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Russian tycoon jailed

Gusinsky detained Thursday at Athens airport

LONDON — A Greek prosecutor ordered former Russian media magnate Vladimir Gusinsky to be held in jail Monday pending a decision on his extradition to Russia on suspicion of a $250 million fraud.

Gusinsky, who lives in self-imposed exile in Israel and holds both Russian and Israeli passports, was detained Thursday at Athens airport upon his arrival on a flight from Tel Aviv.

His arrest came as a surprise: The tycoon has traveled freely around Europe since skipping Russia in 2000 following the charges, which he says are politically motivated.

Gusinsky was detained in Spain in 2001 when Russia asked for his extradition. But embarrassed Madrid authorities ruled that the matter was political and refused Moscow’s request.

Last week, however, Greek officials found his name on their computer files when he showed his passport. Interpol headquarters in France said that no warrant existed, but its Moscow branch confirmed that Gusinsky was still wanted on embezzlement charges.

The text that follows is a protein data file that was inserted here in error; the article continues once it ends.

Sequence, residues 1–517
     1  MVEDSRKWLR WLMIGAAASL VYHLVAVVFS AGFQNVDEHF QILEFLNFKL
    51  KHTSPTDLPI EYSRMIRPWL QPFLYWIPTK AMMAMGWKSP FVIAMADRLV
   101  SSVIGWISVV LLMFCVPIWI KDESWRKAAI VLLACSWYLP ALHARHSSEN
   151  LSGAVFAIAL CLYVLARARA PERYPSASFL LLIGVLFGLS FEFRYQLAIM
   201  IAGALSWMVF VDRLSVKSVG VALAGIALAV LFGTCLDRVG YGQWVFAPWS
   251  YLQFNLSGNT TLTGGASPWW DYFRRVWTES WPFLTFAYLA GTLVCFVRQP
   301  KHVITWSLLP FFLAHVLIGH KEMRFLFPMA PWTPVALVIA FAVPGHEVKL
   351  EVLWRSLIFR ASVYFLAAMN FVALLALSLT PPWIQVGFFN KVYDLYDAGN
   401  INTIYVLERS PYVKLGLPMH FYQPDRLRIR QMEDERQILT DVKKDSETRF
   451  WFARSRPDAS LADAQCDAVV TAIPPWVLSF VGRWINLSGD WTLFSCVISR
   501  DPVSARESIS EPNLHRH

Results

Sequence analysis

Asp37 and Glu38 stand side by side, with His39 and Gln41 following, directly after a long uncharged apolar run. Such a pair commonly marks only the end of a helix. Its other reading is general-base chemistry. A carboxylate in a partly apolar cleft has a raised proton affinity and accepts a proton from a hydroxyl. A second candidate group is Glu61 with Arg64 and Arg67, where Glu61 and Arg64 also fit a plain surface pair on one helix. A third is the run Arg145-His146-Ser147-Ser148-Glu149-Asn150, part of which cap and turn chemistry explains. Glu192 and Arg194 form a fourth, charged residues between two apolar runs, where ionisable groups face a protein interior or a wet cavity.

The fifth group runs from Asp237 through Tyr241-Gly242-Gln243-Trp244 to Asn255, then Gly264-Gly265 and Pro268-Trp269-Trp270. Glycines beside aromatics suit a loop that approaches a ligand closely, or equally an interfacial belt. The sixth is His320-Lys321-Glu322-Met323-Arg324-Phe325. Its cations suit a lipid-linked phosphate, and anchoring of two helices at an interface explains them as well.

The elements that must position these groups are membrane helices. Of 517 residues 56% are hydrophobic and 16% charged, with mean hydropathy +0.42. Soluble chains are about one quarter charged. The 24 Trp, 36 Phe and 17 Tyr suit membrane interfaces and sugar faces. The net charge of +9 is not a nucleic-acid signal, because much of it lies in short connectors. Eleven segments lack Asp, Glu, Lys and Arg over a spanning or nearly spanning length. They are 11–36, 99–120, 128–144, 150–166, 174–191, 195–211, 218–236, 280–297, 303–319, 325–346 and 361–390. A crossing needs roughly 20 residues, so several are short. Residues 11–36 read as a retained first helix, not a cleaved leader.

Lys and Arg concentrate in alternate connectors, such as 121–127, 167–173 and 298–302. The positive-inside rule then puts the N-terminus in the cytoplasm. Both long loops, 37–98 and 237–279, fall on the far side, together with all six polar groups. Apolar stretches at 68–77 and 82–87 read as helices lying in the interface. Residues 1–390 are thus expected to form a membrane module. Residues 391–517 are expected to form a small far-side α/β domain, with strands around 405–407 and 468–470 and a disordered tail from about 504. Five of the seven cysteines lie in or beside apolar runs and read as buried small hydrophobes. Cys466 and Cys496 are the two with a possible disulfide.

The millionaire could face weeks in jail before the case is considered by Greece’s top court of appeal.

Gusinsky was once Russia’s most powerful media owner with holdings including commercial station NTV as well as a range of radio, print and other interests through his Media-Most empire.

NTV was frequently critical of Russian leader Vladimir Putin, which may have sparked the Kremlin campaign against Gusinsky.

He lost control of Media-Most after prosecutors mounted a legal offensive against him and his senior managers in 2000. He was charged with embezzlement of state property at a St. Petersburg TV company and misuse of a $250 million loan from state-controlled gas giant Gazprom, which later took over NTV in a boardroom coup.

He owns one Russian weekly news magazine, and a Russian-language international news channel, as well as publishing interests in Israel.

The developments, which look set to embarrass Greece and complicate Russia’s relations with other European Union members, come after months in which Putin’s Kremlin administration has put pressure on Russian businessmen in advance of parliamentary and presidential elections.

(Reuters contributed to this report.)